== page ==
First Week on the River

A week on the river with ten children ages seven through nine, kids that I had never met before. Would they want to walk the river for 2 and a half hours a day? Would they want to discover plants? Play in the mud? Would the water be cold? Do they like to draw? What would we do?


These were a few of my questions leading up to the Creek Exploration class. I had walked the river earlier in the month and came up with a list of plants that they might ask questions about. I had them flagged in my Handbook of Nature Study, Plants of the Pacific, and a new resource to me, OSU Extention Office, Field Ecology Cards (Look These Up; wish I had them when kids were younger.) I browsed through  NotebookingPages.Com (Affiliate Link) and printed out a few Nature Journal Pages, and then went over to the Handbook of Nature Study.Com site to print out a few lessons that we had done in previous years to the plants that I thought might spark interest. Google Drive helped me with all of this, making a spreadsheet that I printed out and had linked to my phone to have a quick answer.

If you’ve been following along for long – it’s not really the answers I am looking for, but rather the questions. Handbook of Nature Study, the book, is an invaluable resource of observational questions.  I looked through the sections while making my spreadsheet to remember a few triggering conversation starters.


  • Hemlock
  • Sitka
  • Maple
  • Red Alder
  • Skunk Cabbage
  • Oyster Mushrooms
  • Red Huckleberry
  • Horsetail
  • Ferns
  • Foxglove
  • Lupines
  • Buttercups
  • Miner’s Lettuce
  • Elderberry
  • Wood Sorrel
  • Yellow Wood Violet
  • Trout
  • Litchen
  • Shelf Bracket
  • Salmon Berry
  • Moss
  • Queen Anne’s Lace

IMG_20150706_111319We had fun the first day with open observation. I found a project on Pinterest to use Duct Tape for bracelets. Creating a loop with the sticky side out makes it fun to collect little leaves and flowers. Students were challenged to find many different shapes. The final minutes of our walk, I collected as many shapes as I could find and kept them loose in my pocket. When we were back in the building, after snack, the kids matched the leaves to the shapes, transferred them to paper with ink stamps, and looked at them with a microscope. It wasn’t long before the boys found all sorts of burrowing animals and eggs in the leaves.


During the planning week, I looked up several Pastel Projects on Hodgepodge Mom’s Pinterest Page. We only had time to do the Creek Pastel – which was intended to be a Forest Path, but the kids modified it. All of the drawings below were done by 7-9 yr olds with very little instruction. Always a super fun project. She also has Minion Photos, Shark Photos, all kinds of fun.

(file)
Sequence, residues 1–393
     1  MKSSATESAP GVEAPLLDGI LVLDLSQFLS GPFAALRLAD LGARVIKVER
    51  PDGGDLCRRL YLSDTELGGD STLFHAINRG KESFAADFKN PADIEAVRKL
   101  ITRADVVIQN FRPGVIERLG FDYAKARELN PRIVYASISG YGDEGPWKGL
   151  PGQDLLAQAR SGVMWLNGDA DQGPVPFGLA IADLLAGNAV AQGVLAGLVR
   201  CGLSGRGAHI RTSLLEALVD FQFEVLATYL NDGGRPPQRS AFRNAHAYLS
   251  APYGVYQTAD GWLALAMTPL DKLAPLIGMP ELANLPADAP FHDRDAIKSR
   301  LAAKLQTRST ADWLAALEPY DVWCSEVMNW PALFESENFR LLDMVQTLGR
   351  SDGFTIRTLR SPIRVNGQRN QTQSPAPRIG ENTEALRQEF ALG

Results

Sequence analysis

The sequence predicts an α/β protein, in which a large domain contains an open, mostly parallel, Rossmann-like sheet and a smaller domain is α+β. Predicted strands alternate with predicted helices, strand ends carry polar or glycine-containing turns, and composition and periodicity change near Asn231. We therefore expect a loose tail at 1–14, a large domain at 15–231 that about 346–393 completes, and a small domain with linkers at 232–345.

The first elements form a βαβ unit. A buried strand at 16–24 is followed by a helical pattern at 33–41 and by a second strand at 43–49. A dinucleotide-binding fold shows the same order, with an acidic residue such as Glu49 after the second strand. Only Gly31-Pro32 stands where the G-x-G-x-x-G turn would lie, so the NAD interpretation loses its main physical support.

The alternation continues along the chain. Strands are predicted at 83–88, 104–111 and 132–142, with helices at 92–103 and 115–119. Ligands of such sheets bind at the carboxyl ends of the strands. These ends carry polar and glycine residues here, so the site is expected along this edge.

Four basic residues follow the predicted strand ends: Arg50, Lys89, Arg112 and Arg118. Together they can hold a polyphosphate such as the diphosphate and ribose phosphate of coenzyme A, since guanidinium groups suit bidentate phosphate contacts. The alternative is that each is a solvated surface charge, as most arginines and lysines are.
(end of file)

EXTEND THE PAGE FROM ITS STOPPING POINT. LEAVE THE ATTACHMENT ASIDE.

IMG_20150707_095130 IMG_20150707_114514

We studied the rocks and the three different rock types. That’s when class started for me. This cutie lil gal was eager to inform me that there are 4 different kinds, and I had forgotten/didn’t know about Drawing Rocks. We spent a fun part of that day, and many after, looking for different colors of drawing rocks.




Joyful. I could fill an album if I had taken a photo of every drawing. . . .





Seriously. Following these explorers around was a blast. Their conversations, creativity, free play, zany stories, and adventure filled spirits really speaks well to the school, the Neskowin Valley School, a Place Based Education. We use quite a few of the same educational materials, and they share the open, hands on, creative learning project based objectives.

Speaking of projects. I saw a little bag on Pinterest that I thought would be fun to make with the kids. However, we only had about 15 –20 minutes of table time per day. Not a lot of time for sewing blanket stitches or such. Then a friend explained the hobo sack style, just stitching up a circle. Back to Pinterest I found this project. One Circle, Holes punched 1 inch apart. We used yarn and a plastic needle. All of the kids were able to make a different colored pouch. (I cut and punched the felt before class.)



We talked about treasures – finding and collecting for a Nature Table. This pouch was great to give perspective of what to collect to bring home. Something that could fit inside the pouch. Pinecones, Rocks, Sticks, Leaves, and Seeds were brought back. (Note the knot in the yarn, this makes it easier so that the ‘bowl’ doesn’t open flat and contents will not spill out. Pull it tight to close.